In the China Daily News January 26, Tan Wenjie, a researcher within China’s CDC, reports that as of Jan. 26 they had already found the 22 possible stalls in the market from which the spill over event originated. He was further quoted in the China Daily News as saying, “We are close to finding the source of the virus.” (Ref. 11) Three months have passed since this statement, and no information has been shared publicly regarding data on animal testing or mapping of the location in the Market of positive, and negative, environmental, human, and animal specimens.
Call to share and discuss all data at 73rd World Health Assembly scheduled for May 2020
We have hypothesized since Jan. 25 here on Science Speaks that the virus did not originate in this market, as discussed in a Jan. 26 interview with Jon Cohen of Science (Ref 17-19). The evidence presented above, over 115 days since the market was closed and still without the virus being found in any animals, highlights why the origin of this virus must be discussed transparently and comprehensively at the World Health Assembly in May 2020.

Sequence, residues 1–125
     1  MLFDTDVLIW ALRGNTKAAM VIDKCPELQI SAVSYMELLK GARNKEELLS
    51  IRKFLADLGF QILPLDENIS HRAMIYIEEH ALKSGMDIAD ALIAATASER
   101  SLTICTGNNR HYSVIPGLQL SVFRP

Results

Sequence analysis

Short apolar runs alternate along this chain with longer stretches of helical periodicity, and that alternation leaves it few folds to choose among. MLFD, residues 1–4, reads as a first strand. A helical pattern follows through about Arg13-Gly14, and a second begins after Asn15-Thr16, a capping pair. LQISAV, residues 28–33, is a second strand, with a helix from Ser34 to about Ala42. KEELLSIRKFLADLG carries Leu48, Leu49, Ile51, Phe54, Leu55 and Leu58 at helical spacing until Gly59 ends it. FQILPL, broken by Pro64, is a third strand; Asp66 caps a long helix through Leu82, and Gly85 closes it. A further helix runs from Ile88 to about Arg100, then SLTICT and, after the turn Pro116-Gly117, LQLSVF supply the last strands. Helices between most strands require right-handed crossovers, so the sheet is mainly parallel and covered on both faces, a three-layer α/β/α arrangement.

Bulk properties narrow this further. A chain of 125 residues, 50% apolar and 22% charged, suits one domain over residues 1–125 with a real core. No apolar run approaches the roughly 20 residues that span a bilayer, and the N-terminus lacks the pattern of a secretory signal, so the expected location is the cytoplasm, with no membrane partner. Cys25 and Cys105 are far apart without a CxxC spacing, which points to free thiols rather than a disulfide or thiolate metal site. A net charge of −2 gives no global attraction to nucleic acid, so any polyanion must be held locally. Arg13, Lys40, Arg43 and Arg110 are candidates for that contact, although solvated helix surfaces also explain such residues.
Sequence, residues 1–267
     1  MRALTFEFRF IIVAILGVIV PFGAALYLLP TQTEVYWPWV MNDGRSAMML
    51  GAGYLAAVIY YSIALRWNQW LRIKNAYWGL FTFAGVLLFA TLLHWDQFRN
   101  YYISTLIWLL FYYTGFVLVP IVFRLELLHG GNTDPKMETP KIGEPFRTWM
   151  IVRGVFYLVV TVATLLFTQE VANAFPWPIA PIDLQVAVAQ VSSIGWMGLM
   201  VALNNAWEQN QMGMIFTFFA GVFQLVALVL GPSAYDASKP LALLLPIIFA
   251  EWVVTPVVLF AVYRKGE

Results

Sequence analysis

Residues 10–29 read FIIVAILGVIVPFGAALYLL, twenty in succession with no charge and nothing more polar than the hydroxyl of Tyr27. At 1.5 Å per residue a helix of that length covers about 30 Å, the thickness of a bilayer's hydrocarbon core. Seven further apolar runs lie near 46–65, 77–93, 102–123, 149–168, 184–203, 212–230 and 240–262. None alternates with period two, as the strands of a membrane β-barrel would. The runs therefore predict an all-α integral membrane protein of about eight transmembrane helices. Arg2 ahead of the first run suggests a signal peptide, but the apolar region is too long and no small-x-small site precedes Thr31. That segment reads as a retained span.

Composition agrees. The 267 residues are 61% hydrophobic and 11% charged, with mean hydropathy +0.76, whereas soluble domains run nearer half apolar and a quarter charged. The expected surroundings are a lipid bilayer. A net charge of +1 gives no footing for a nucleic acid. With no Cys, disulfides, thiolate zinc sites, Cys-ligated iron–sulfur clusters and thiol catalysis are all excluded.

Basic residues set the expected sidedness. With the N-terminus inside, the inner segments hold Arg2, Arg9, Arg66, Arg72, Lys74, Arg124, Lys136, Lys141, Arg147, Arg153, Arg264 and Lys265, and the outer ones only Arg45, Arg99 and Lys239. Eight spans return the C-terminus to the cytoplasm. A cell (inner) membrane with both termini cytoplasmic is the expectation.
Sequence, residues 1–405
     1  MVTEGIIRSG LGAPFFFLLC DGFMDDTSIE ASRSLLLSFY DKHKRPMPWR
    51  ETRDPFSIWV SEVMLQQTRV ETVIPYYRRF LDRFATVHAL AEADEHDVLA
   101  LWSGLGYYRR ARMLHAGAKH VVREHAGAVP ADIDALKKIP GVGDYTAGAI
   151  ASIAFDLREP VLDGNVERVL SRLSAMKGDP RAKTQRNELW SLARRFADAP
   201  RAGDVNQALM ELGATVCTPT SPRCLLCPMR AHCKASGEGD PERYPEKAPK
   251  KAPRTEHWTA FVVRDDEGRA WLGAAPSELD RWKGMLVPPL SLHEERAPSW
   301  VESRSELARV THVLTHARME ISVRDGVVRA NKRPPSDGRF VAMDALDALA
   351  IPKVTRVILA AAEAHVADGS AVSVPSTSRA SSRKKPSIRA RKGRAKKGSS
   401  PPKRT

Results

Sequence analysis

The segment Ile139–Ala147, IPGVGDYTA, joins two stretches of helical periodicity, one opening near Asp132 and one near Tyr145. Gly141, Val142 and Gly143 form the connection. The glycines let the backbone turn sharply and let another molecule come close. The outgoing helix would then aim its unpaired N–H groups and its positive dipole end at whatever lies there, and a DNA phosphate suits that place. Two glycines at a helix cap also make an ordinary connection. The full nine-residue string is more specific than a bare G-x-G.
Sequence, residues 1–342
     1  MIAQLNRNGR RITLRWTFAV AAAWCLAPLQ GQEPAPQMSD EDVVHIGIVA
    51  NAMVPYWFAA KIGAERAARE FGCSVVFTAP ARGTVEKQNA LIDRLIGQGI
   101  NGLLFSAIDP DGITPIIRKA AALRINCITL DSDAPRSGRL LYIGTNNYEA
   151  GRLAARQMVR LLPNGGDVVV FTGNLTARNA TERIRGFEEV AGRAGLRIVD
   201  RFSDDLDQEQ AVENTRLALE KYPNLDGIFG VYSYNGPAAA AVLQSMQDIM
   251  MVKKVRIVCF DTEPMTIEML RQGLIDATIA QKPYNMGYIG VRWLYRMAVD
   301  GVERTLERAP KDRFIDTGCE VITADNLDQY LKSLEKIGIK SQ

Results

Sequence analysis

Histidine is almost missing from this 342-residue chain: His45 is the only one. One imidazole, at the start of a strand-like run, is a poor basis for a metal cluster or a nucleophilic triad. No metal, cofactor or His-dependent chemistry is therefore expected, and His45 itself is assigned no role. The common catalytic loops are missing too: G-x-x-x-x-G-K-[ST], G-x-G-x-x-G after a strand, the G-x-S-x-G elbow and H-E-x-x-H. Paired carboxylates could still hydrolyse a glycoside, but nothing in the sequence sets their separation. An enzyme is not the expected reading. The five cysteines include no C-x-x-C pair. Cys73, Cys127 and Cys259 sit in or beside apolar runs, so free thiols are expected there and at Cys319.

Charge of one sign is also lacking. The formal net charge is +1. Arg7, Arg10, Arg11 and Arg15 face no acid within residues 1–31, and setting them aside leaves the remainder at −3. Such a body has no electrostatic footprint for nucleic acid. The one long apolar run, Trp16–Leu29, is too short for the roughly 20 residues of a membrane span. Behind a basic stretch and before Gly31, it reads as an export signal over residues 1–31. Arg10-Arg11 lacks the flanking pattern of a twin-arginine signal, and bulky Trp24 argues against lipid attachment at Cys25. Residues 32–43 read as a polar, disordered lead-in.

Daniel Lucey, M.D. MPH, FIDSA, FACP, is an infectious diseases physician and adjunct professor of infectious diseases at Georgetown University Medical Center, a senior scholar at the Georgetown University O’Neil Institute, Anthropology Research Associate, Smithsonian Museum of Natural History and a member of the Infectious Diseases Society of America Global Health Committee.He has served as a volunteer medical responder to outbreaks that included the West Africa Ebola crisis. He has collected information on outbreaks starting in 2001 with cases of anthrax in 2001, and including smallpox vaccination 2002, SARS 2003, H5N1 Flu 2004, MERS in 2013, and Ebola in April, 2014, He has gathered, and updated information on the spread of the coronavirus here since Jan. 6.
Kristen Kent, MPhil, is a medical student at Georgetown University School of Medicine.